Get you leafy greens in today? They are one of the healthiest vegetables you can eat, and should eat every day. Yet for most of us, the only way we do is in the occasional salad.
Iceburg lettuce is the most popular green we put in our salads. On average, we eat 17 pounds of it a year. While it is a good source of water and adds a nice crunch, this lettuce is pretty much devoid of any nutrients.
Top Leafy Greens
The powerhouse of leafy greens. Many antioxidants are found in kale which have numerous health benefits. Antioxidants are those little things that help us rid our bodies of the free radicals that make us sick. This leafy green is an excellent source of vitamins A, C and K as well as calcium and potassium.
Typically served in Southern-style dishes. This under appreciated leafy green is almost as nutrient dense as kale. It is chewier and has a cabbage-like taste. Like kale, it is a good source of vitamins and minerals including many B-vitamins, folate and iron.
Another Southern delicacy. If you buy turnips, get those with the greens attached. You’ll get a double win! The biggest value you get out of these greens is vitamin A. It is also high in iron and calcium. One serving is also an excellent source of fiber, with 5 grams in 1 cup.
Typically seen as having red stalks and large leaf greens, with red veins. The favorite in Mediterranean dishes can also be found with orange and yellow stalks. It is rich in vitamins A, C, E and K. Magnesium and iron is also found in this healthy green.
Probably one of the most popular leafy green. I know it’s one of mine! Of course, thanks to Popeye, we all know that is packed full of iron but it is also high in vitamins A and C and folate. Cooking spinach actually makes it easier for your body to absorb it nutrients.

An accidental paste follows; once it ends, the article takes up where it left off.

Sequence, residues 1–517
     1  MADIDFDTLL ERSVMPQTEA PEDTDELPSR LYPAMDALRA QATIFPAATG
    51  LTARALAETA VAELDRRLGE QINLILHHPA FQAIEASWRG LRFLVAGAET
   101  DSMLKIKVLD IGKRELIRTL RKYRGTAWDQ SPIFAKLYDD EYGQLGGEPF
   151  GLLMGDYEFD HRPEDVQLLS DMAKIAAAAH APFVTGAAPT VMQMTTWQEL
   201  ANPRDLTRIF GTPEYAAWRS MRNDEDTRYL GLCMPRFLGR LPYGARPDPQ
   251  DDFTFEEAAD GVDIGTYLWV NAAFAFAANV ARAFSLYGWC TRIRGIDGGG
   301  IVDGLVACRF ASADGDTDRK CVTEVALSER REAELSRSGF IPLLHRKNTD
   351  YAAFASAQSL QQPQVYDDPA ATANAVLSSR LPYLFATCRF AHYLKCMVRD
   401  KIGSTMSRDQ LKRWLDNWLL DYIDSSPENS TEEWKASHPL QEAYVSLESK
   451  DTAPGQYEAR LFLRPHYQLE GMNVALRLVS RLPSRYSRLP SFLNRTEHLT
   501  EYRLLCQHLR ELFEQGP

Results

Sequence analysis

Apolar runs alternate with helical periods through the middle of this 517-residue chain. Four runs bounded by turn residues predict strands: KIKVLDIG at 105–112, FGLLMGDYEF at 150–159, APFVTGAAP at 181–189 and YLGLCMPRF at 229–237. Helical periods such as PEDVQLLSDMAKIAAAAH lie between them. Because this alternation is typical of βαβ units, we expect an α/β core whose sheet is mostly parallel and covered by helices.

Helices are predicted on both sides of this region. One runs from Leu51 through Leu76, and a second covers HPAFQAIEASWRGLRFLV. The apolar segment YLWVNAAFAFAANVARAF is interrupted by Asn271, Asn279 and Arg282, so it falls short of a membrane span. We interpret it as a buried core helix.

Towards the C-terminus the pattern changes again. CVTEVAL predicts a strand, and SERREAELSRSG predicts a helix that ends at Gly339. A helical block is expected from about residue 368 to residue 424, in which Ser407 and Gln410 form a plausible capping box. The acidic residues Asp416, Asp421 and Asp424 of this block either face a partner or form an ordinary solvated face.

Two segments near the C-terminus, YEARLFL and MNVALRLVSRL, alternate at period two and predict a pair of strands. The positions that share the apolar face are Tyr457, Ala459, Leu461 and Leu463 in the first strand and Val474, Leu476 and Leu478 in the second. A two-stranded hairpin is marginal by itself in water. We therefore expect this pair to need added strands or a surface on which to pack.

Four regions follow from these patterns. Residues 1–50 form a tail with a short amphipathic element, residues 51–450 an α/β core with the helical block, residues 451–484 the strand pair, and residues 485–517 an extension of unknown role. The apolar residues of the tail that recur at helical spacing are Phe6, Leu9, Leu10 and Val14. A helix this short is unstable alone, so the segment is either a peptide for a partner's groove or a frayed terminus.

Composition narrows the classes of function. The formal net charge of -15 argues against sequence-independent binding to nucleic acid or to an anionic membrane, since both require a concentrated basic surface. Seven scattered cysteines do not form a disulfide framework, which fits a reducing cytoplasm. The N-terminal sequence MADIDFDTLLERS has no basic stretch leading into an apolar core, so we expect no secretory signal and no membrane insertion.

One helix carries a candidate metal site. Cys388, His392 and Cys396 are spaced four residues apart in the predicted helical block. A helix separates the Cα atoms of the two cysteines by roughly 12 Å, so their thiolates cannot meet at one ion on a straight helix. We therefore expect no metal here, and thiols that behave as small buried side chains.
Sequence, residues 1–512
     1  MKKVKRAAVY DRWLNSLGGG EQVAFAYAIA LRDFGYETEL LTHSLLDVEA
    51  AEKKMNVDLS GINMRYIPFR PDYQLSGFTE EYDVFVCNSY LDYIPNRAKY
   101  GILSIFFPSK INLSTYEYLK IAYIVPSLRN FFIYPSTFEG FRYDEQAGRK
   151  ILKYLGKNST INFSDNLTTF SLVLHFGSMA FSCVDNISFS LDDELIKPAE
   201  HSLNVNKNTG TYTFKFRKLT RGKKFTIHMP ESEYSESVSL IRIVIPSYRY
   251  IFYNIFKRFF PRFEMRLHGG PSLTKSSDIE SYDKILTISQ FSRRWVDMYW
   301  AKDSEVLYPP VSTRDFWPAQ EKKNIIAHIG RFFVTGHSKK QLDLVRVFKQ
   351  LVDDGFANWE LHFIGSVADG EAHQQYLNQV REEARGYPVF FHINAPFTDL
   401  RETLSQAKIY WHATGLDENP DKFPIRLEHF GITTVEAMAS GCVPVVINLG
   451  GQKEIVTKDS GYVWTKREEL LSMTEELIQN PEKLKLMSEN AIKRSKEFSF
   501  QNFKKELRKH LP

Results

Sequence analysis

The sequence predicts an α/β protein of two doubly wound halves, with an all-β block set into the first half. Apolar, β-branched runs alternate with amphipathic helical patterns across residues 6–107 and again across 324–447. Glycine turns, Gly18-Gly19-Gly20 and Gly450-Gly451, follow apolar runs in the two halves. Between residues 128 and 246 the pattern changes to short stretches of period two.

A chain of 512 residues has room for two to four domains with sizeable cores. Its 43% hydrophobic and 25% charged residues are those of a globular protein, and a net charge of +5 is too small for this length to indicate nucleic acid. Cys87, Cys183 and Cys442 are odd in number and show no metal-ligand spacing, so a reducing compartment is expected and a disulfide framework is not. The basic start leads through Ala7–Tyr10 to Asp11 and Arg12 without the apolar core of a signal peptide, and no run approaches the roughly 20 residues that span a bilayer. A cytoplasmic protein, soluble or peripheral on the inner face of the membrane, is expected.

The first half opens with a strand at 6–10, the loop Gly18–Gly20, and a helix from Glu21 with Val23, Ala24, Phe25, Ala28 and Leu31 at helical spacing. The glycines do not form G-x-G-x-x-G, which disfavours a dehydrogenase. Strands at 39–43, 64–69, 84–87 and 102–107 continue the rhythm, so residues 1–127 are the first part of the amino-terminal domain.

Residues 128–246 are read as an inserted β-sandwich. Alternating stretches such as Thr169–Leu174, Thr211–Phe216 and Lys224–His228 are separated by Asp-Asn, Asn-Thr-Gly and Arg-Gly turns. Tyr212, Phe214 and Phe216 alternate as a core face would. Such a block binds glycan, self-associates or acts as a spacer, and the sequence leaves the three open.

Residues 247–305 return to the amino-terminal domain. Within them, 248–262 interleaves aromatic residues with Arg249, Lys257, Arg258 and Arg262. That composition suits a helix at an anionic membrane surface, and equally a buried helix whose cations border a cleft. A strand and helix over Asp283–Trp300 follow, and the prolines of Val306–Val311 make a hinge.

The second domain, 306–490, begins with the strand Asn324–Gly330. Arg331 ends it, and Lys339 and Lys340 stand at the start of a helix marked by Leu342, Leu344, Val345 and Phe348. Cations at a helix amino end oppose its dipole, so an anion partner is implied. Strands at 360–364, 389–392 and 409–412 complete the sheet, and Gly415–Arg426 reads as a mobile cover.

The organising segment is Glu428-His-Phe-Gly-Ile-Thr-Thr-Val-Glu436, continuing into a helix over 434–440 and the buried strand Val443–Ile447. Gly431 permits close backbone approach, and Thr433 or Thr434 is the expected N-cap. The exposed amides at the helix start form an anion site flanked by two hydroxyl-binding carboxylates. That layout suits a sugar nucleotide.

Another favorite in the South. They have a peppery taste and come in red and green varieties. These greens have the same nutrients as turnip greens and collards.
Has only 25 calories per serving but is loaded with many vitamin B’s, vitamin C, calcium and folate. The average American eats 6 pounds of this leafy green a year. Some enjoy it raw, especially in salads, while other like it steamed and covered in cheese.
Red & Green Leaf and Romaine Lettuce
These are high in vitamin A and some in folate. Leaf lettuce is softer than Romaine; but if you crave crunch in your salad, Romaine is the way to go. And Romaine is high in vitamins C and K.
While not dark green like other leafy greens, cabbage is a good source of vitamins C and K. It also has folate and calcium.
Need More Information?
Do you have any recipes for enjoying leafy greens you’d like to share or are looking for? Feel free to reach out to me through the contact form on the right or on my Contact page. I’d be happy to speak with you.
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Enjoy and Be Healthy!